The first space certainly adheres to the philosophy that more is more. On every surface is an image, a texture, or a color that could be a potential source of inspiration. The open loft is characterized by building materials that are far from the perfectly polished surfaces we are used to seing. Planks of wood dangle precariously from the ceiling and unpainted brick peeks out from behind reclaimed advertising signs. Even the tapestries look as though they had former lives that left them worn and dirty. But the result is a space that looks carefully undone. Clearly artistic and definitely on purpose.
One of the more notable elements of this wild and free artist loft is the creation of the ceiling storage space. A woven metal panel creates an overhead space for storage, but allows the stored items to be visible, letting even what amounts to a glorified closet become part of the apartment’s personality.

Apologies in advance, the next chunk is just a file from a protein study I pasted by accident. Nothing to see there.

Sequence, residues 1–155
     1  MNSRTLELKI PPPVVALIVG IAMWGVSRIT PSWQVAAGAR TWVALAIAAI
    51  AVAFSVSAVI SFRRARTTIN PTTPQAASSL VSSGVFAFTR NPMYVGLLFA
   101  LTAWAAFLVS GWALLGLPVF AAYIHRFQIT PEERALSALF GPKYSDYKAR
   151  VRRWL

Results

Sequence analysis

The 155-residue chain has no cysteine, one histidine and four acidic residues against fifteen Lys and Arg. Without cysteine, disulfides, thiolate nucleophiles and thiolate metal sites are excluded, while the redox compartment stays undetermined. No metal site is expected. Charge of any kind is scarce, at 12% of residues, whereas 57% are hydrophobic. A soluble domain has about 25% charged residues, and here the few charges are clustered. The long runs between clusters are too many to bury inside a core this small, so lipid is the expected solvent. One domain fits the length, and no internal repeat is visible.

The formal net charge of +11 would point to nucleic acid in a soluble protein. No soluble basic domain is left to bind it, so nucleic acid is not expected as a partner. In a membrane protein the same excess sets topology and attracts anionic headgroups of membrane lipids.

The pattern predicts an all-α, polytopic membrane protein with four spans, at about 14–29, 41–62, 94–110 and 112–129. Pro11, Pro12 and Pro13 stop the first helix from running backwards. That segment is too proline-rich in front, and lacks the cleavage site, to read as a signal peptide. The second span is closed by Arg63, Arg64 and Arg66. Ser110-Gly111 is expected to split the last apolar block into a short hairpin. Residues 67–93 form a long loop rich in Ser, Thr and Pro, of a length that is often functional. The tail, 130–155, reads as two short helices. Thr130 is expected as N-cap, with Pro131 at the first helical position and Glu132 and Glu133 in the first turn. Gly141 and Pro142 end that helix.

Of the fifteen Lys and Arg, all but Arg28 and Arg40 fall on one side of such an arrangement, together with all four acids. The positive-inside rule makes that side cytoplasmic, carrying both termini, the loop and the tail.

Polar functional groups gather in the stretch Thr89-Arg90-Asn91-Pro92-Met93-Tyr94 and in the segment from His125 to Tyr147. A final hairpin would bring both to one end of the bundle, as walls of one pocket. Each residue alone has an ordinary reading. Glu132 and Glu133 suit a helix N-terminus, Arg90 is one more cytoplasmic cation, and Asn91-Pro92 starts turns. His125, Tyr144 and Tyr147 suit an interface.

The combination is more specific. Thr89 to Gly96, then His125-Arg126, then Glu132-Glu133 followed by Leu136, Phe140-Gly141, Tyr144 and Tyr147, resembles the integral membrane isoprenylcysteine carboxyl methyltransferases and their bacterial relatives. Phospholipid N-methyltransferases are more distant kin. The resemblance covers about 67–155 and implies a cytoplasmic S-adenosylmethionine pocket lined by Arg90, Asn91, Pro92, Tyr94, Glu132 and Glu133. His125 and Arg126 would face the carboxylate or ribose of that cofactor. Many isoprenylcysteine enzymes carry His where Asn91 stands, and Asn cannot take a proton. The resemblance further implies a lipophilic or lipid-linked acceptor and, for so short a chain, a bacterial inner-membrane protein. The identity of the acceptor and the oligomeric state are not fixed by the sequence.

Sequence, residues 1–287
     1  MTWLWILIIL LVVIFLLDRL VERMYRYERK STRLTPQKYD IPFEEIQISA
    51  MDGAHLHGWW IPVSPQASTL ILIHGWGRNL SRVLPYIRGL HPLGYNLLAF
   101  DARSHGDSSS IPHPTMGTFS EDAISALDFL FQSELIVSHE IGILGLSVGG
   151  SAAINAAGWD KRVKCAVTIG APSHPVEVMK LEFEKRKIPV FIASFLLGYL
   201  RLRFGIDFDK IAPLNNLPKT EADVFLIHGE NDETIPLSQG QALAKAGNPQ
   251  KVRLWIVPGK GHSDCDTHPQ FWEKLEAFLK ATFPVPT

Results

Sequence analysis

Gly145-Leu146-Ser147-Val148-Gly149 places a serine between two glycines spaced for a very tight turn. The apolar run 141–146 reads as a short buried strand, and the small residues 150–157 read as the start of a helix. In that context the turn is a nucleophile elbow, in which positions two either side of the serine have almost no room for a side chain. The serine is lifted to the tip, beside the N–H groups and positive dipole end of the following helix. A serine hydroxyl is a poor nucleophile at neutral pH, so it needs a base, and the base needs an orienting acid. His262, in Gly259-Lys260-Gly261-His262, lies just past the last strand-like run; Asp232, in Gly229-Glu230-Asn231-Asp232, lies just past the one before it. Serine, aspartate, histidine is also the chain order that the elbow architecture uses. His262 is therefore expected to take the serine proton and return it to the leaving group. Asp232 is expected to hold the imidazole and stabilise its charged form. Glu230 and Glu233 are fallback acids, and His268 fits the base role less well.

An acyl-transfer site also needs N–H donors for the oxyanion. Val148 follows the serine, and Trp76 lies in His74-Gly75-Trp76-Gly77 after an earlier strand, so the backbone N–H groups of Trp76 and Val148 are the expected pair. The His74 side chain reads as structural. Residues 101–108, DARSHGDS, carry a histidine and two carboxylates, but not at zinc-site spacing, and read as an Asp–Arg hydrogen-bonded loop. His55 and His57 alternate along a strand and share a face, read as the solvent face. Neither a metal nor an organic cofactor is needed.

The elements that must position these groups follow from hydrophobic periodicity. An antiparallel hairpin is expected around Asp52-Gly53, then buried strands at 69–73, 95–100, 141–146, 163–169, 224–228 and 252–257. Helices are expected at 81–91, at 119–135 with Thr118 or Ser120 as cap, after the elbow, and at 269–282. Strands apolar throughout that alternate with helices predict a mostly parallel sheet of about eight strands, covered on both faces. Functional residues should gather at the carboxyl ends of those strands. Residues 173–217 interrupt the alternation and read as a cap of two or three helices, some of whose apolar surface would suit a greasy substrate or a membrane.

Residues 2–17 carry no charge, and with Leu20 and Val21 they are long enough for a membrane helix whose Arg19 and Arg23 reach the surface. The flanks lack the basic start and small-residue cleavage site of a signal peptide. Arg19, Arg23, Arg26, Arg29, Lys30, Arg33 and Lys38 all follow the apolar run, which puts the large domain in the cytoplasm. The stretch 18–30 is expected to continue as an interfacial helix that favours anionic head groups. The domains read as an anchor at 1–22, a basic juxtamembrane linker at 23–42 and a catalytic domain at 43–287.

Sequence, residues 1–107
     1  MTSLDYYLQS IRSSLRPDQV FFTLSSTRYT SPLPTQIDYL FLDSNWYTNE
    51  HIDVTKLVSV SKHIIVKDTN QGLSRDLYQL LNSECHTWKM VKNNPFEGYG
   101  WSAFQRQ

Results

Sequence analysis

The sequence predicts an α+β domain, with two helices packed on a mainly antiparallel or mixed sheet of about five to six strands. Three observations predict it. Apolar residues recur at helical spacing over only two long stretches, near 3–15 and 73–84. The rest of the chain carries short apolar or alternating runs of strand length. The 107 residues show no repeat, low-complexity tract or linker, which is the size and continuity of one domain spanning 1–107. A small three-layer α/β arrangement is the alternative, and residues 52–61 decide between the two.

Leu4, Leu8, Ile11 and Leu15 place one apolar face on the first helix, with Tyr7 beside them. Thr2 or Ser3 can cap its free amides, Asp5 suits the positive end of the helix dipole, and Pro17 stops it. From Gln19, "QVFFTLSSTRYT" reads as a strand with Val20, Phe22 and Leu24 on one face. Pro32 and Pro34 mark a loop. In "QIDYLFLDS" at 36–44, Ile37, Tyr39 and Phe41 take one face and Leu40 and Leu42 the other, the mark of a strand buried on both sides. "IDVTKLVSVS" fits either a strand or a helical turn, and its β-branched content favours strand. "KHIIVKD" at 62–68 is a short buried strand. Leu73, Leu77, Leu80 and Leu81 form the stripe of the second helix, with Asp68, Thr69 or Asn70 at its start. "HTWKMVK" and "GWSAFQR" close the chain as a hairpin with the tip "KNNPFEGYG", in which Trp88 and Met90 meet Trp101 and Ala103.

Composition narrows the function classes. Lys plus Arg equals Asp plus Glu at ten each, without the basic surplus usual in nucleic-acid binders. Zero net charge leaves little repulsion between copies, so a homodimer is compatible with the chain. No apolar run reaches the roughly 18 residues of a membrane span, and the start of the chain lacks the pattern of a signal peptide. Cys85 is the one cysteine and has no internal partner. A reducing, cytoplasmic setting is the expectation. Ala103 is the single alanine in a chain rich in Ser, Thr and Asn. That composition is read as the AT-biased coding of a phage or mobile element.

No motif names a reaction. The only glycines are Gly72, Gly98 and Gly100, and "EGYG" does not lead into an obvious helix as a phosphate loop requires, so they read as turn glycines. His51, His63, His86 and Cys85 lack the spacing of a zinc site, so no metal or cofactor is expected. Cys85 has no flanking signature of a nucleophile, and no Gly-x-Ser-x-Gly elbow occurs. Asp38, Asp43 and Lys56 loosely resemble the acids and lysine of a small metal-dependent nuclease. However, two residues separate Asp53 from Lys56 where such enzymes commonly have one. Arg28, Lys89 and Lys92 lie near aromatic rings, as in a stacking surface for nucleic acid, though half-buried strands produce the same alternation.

While the second space unquestionably has its own particular craftsman feel, it is much cleaner as far as its compositions, materials, and even its hues. White, wood, and block overwhelm the space. Indeed, even where things looks somewhat matured – as with the uncovered roof pillars – it loans a natural appeal as opposed to a messy blemish. The furniture is likewise more clean, with low lying couches, larger than usual floor lights and a couple of things that could be sourced from Ikea. Is that the most imaginative spot to discover a foot stool? Maybe not. In any case, it is a spot for an imaginative personality to go wild